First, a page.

“Franken-foods” which is now in the dictionary. Many modern diseases came about after we began to play with the natural order of plant and animal life. There is always a down side for tampering with Mother Nature, especially for pure profit and greed. It is because of mutation factors and blood borne disease that commercial flesh products are not recommended at all, yes not even the so-called organic meats. Organic plants are not suppose to be genetically altered some are because the genetic structure was changed long ago. Even though some are not the original plants, organic is still the best choice for balanced nutrition. It is up to each one of us to make educated choices when it comes to our wellness, we must be more conscious and respectful of the natural order of things.

    Did you know the domestic pig is unnatural, it is a product of science. The modern pig or swine are known to have been developed by the great scientist named Imhotep AKA Aesculapius the father of science and medicine. He crossbred the animal for king Zoser in KMT AKA Egypt to eat the garbage and the dead bodies after wars. The Garlic was produced also by the Egyptian for embleming the mummies. It is known that the pig is crossed with an African dog, cat and a wild African rat and does its job well. It eats everything and anything including feces. It has no sweat glands or conventional circulatory system so it is always in a state of disease. Worms like the trichinous or Trichinella make there home in the pig, this unnatural animal is unfit to eat. Some of the parasites and their eggs found in swine are not killed by cooking. Some parasites can withstand temperatures up to 1500 degrees. Throughout ancient Egypt the pig was known as a transmitter of Leprosy. Moses declared the animal unclean. (Leviticus 11:7-8) it was not even to be touched. By far the greatest variety of parasites afflicting the present population of the Western world comes from animal foods. Almost every variely of commercial meat available is loaded with parasites of one form or another. Also parasites are present in tainted water sources.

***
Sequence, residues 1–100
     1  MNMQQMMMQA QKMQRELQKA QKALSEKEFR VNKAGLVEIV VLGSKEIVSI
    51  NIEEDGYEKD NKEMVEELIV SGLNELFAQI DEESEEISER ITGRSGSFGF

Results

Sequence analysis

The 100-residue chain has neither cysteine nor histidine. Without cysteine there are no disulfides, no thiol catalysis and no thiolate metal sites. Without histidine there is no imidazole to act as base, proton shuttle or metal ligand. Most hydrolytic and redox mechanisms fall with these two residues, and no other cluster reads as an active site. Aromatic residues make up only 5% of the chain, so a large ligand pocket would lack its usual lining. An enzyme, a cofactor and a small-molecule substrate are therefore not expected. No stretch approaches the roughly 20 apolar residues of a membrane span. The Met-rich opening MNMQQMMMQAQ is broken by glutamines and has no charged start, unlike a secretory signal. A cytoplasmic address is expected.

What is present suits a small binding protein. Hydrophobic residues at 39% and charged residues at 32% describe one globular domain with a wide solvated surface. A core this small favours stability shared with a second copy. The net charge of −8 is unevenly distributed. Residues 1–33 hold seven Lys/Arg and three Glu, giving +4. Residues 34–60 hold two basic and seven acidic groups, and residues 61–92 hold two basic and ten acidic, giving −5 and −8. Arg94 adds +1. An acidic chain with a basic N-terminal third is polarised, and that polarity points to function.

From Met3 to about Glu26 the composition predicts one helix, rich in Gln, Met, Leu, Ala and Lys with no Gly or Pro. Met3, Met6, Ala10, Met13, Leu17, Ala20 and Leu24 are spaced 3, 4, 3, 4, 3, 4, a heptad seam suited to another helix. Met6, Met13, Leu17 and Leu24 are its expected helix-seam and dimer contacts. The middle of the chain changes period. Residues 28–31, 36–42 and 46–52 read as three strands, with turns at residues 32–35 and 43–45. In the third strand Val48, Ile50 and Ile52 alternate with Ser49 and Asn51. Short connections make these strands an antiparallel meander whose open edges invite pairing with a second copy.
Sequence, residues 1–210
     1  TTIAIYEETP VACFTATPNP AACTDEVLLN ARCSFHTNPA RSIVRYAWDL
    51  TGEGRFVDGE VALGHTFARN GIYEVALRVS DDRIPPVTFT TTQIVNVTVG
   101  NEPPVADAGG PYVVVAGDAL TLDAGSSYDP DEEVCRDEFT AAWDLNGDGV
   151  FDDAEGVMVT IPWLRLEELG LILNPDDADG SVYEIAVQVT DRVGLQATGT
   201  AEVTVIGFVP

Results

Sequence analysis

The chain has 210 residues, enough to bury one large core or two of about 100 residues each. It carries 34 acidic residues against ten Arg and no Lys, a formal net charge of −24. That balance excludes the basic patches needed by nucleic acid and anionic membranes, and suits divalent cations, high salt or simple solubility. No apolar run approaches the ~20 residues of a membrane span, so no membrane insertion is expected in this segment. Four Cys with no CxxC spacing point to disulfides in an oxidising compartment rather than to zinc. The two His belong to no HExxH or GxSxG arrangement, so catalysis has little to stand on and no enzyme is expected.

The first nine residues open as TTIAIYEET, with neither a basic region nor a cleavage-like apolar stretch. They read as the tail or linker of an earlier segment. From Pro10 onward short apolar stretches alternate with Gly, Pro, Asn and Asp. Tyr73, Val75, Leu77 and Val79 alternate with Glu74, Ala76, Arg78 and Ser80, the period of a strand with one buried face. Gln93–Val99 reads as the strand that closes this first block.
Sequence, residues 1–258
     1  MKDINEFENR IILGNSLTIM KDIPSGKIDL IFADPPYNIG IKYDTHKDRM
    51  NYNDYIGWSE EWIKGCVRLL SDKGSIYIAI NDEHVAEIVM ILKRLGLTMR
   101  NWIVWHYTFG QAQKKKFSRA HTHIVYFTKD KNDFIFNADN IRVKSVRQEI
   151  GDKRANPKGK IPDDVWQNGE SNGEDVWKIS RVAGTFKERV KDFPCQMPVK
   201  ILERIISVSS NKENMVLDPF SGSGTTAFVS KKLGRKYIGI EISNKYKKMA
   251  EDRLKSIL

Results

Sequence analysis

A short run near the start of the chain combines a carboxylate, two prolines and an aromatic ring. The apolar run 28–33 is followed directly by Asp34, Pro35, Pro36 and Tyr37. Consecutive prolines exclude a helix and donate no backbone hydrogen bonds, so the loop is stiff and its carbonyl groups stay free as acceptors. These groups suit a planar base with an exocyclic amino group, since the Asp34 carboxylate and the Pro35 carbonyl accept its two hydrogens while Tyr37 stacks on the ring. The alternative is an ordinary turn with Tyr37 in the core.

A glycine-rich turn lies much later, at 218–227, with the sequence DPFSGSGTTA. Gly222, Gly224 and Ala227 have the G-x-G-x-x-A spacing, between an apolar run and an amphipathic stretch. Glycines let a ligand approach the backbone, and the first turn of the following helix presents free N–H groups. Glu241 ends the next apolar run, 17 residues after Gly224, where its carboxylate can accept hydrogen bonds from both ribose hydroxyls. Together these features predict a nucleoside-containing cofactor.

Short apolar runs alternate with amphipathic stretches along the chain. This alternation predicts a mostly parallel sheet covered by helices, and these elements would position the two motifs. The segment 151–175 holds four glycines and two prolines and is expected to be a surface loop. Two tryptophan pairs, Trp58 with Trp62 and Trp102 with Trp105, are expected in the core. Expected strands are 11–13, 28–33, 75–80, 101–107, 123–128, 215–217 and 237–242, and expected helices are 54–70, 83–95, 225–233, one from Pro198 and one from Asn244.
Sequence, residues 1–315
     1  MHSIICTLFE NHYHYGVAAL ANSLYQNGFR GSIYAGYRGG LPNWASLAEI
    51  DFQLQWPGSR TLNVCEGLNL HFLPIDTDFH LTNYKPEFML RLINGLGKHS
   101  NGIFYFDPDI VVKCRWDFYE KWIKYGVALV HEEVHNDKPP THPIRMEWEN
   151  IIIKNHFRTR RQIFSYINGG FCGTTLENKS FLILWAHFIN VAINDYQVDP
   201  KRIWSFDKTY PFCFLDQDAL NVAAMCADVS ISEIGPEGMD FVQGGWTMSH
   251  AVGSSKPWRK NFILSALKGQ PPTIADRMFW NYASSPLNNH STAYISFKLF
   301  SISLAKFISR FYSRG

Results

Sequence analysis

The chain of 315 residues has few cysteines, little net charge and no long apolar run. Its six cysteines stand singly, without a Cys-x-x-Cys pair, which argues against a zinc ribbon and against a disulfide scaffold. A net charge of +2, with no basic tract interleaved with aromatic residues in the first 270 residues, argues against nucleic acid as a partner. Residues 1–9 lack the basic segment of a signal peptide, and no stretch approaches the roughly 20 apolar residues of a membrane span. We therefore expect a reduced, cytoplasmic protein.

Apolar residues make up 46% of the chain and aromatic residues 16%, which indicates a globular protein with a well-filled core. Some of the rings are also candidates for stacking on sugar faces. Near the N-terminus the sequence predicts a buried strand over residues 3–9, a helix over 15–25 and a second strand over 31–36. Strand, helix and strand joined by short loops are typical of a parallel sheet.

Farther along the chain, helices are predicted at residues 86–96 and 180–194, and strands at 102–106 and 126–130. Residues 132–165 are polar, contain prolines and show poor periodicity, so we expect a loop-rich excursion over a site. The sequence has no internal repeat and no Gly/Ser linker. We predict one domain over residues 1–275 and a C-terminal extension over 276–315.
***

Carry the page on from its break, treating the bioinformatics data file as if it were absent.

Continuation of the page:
What are hybrid foods?